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Learn About 7 Potential Causes of Your Back Pain
Back pain is an issue facing many seniors, as well as younger adults. Many types of back pain are acute, meaning the pain will last for a short time. As a senior, you may suffer from acute back pain after falling or slipping and pulling a muscle or damaging your back in another way. However, seniors are also at high risk for chronic back pain. Chronic back pain can happen if you suffer from an ongoing back disease or deformity of your spine. These illnesses often happen because of joint inflammation, bone density loss and other conditions associated with aging. If you have chronic back pain, it can happen suddenly or develop over some time. In either case, it can be debilitating and not allow you to enjoy activities with friends and family members fully. Below is a list of seven potential causes of your back pain.
General Physical Condition
Your general physical condition can play a part in your back pain as you age. If you are overweight or out of shape, activities other people find easy can place stress on your back, resulting in the back pain you are experiencing. When the muscles and ligaments are strained, it can cause pain and potentially uncomfortable spasms in your back.
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Impacts and Injuries
Even if you are in good physical condition, you may experience back pain after an impact or injury. If you are a senior who suffers from balance problems, you are at a particularly high risk for back injuries related to falling. Additional types of impacts or injuries that can cause back pain include car accidents and lifting heavy objects. Some of these injuries heal in time, while others may leave you in chronic pain.
Scoliosis is also known as a curved spine. While you can have scoliosis as a child, it is far more likely to develop it as you age. If you suffer from scoliosis, you may have first noticed it as a young to middle-aged adult. At the time, the discomfort linked to it may have been distracting. However, the additional stress placed on your back over the years may have caused the pain to worsen. Therefore, as a senior, you may find scoliosis completely debilitating.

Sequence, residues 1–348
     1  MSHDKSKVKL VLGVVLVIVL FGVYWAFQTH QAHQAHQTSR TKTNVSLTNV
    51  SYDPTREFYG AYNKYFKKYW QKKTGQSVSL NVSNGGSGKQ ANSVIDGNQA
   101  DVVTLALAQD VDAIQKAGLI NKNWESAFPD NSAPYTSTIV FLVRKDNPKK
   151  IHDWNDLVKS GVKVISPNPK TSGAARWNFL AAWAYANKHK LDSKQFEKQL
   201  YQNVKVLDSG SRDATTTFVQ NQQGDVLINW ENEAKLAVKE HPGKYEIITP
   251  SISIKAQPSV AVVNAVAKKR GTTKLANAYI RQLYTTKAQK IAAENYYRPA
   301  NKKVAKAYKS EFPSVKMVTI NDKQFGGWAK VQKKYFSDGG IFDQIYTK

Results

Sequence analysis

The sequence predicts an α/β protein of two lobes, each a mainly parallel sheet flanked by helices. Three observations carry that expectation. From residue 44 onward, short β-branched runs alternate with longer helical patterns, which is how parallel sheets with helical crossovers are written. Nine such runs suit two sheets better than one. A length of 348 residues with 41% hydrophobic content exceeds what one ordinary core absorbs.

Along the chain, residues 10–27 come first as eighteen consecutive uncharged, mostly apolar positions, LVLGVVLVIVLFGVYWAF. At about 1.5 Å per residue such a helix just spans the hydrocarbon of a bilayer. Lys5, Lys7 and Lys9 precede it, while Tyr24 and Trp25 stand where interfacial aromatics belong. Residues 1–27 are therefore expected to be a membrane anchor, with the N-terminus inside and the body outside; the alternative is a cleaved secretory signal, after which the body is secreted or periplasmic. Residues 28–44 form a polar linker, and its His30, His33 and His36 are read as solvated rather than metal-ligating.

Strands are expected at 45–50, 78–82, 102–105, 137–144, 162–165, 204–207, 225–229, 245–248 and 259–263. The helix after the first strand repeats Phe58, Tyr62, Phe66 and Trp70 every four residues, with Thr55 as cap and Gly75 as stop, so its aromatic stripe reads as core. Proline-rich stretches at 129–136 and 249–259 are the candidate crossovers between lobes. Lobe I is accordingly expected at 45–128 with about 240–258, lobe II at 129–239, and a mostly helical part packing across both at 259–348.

Degenerative adult scoliosis is sometimes caused as a result of physical changes to the back after surgery. However, you can also experience it due to the weakening of the structures in your back. For example, your back can be weakened due to damaged vertebrae or softening bone structures. Such age-related changes can cause your spine to lose its straight shape and self-supporting capabilities.
Osteoporosis is a condition that causes changes in your bone density. If you suffer from it, your bones can develop holes or weak points. They can also become brittle. According to the U.S. Office of Disease Prevention and Health Promotion, 5.3 million people in the United States who are 50 years of age or older have osteoporosis. If you are one of them, you are at higher risk for bone fractures as you age, especially if you are female. Osteoporosis can also impact the health of your spine by causing the vertebrae to collapse. When the vertebrae are compressed, you may feel some pain. You may also notice that your spine begins to curve. In fact, it is possible for your osteoporosis to be a partial cause of adult degenerative scoliosis. It may also contribute to the worsening of adult degenerative scoliosis.
Arthritis is a medical condition often associated with joint pain. However, it is not a single ailment but a category of ailments. The most common form of arthritis is osteoarthritis. It is a condition that causes your body to lose joint cartilage over time. Loss of cartilage can occur in any place where two bones connect. Although common in fingers and hands, it is also a leading cause of senior back pain. When you suffer from back pain due to osteoarthritis, the bones, or vertebrae, in your spine have lost some or all of the cushioning cartilage between them. The resulting bone contact causes pain.
According to U.S. News and World Report, spinal stenosis is one of the most common origins of back pain in seniors. If you have spinal stenosis, you have most likely suffered from osteoarthritis for years. As osteoarthritis progresses, it causes a narrowing of the canal that holds your spine in place. That narrowing is spinal stenosis. In addition to pain, spinal stenosis can cause you to suffer from pinched nerves. The nerves most likely to be affected are those in your legs and feet. Nerve signal disruption results may include a loss of some sensation in those areas, occasional cramps or general weakness. You are most likely to experience the majority of your pain and discomfort from spinal stenosis when standing. Sitting or lying down can relieve your spinal column of some stress.
Back Pain as a Result of Other Physical Ailments
Back pain can also occur as a side effect to many other physical ailments. Some of those ailments are more prevalent as you get older. Others can occur at any time during your life, including your senior years. Examples of such conditions include kidney stones and benign or malignant tumors. The only way to identify and treat such conditions is to discuss back pain with your doctor. He or she may be able to diagnose the cause for you.